Parole Hearings Will Resume With “Reduced Person-To-Person Interaction”

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When it re-starts in May, the Alabama parole board will still meet in person but hearings will not be open to the public.

Mary Scott Hodgin, WBHM

The Alabama Bureau of Pardons and Paroles (APBB) will resume parole hearings May 18 after stopping them last month in response to the spread of COVID-19.

Officials made the announcement Monday immediately after Gov. Kay Ivey issued a supplemental emergency proclamation directing the bureau to resume hearings in a “manner that reduces person-to-person interaction.”

For weeks, advocates and legal groups have repeatedly called on the state to not only re-start but expedite parole hearings using social distancing measures. They say COVID-19 could spread rapidly inside overcrowded state prisons, where people have limited access to medical care and good hygiene can be extremely difficult.

In a letter to Gov. Ivey, a group of law school faculty members and former prosecutors said the parole board should prioritize the release of inmates at high risk for COVID-19.

“Alabama should recognize the parole system as one avenue through which to ameliorate the public-health threat posed by our overcrowded prisons,” the letter states.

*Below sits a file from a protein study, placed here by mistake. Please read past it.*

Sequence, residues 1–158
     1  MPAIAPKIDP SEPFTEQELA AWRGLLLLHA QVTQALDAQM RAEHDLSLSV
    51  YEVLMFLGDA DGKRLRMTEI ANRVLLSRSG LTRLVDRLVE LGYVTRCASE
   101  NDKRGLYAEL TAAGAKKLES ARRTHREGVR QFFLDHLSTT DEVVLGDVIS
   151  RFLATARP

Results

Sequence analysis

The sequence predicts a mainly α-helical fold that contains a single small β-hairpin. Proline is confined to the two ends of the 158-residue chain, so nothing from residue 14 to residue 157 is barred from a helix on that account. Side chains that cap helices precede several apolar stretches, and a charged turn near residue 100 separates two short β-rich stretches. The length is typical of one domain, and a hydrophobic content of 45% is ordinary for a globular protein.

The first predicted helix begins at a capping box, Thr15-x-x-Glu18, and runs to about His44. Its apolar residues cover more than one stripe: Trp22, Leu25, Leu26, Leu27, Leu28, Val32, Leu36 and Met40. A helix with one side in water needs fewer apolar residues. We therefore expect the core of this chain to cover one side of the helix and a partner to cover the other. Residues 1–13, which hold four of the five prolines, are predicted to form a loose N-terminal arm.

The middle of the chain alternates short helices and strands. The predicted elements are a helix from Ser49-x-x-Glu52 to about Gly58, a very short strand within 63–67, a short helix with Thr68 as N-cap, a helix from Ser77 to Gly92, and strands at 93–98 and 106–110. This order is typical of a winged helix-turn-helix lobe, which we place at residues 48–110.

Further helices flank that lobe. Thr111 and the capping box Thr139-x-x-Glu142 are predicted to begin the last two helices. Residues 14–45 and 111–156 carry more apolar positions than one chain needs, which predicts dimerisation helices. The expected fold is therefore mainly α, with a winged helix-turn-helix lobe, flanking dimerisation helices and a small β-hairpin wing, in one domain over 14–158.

Charles Graddick, director of the Bureau of Pardons and Paroles, previously said having hearings without in-person public participation is complicated by “stringent laws governing the Board’s hearing process.” He specifically cited a 30-day requirement to notify crime victims and officials and give them the opportunity to participate. Incarcerated people eligible for parole are not allowed to attend their own parole hearings.

In a statement Monday, Graddick said Gov. Ivey’s emergency proclamation “clears the way for the resumption of hearings.”

Nearly 4,000 inmates are eligible and awaiting a parole hearing, according to a report by the ACLU of Alabama released last week. The halt in paroles due to COVID-19 is the latest delay after a recent shake-up in the ABPP and a significant reduction in the rate of people granted early release.

In a statement, ACLU of Alabama executive director Randall Marshall said he is glad parole hearings will resume, but they should be starting sooner than May 18, especially with the threat of the coronavirus spreading inside prisons.

When hearings start next month, the three-member parole board will still meet in person to make decisions, but hearings will not be open to the public. Officials, family members, crime victims and interested parties can provide statements of support or opposition to the board via mail, email, or phone.

Officials say a schedule will soon be posted online. They say minutes will be posted on the ABPP website within 12 hours of the hearings.

 

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